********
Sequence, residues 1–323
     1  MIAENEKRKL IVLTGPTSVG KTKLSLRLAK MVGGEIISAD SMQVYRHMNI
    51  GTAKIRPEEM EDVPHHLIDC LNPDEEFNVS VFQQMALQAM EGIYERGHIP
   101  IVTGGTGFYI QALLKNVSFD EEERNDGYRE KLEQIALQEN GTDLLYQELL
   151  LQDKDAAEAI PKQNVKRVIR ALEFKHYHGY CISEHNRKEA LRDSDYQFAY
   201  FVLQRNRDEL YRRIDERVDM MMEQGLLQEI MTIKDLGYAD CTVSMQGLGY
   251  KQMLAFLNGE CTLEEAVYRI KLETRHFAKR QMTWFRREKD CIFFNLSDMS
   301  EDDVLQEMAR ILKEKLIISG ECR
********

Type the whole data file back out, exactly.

Sequence, residues 1–323
     1  MIAENEKRKL IVLTGPTSVG KTKLSLRLAK MVGGEIISAD SMQVYRHMNI
    51  GTAKIRPEEM EDVPHHLIDC LNPDEEFNVS VFQQMALQAM EGIYERGHIP
   101  IVTGGTGFYI QALLKNVSFD EEERNDGYRE KLEQIALQEN GTDLLYQELL
   151  LQDKDAAEAI PKQNVKRVIR ALEFKHYHGY CISEHNRKEA LRDSDYQFAY
   201  FVLQRNRDEL YRRIDERVDM MMEQGLLQEI MTIKDLGYAD CTVSMQGLGY
   251  KQMLAFLNGE CTLEEAVYRI KLETRHFAKR QMTWFRREKD CIFFNLSDMS
   301  EDDVLQEMAR ILKEKLIISG ECR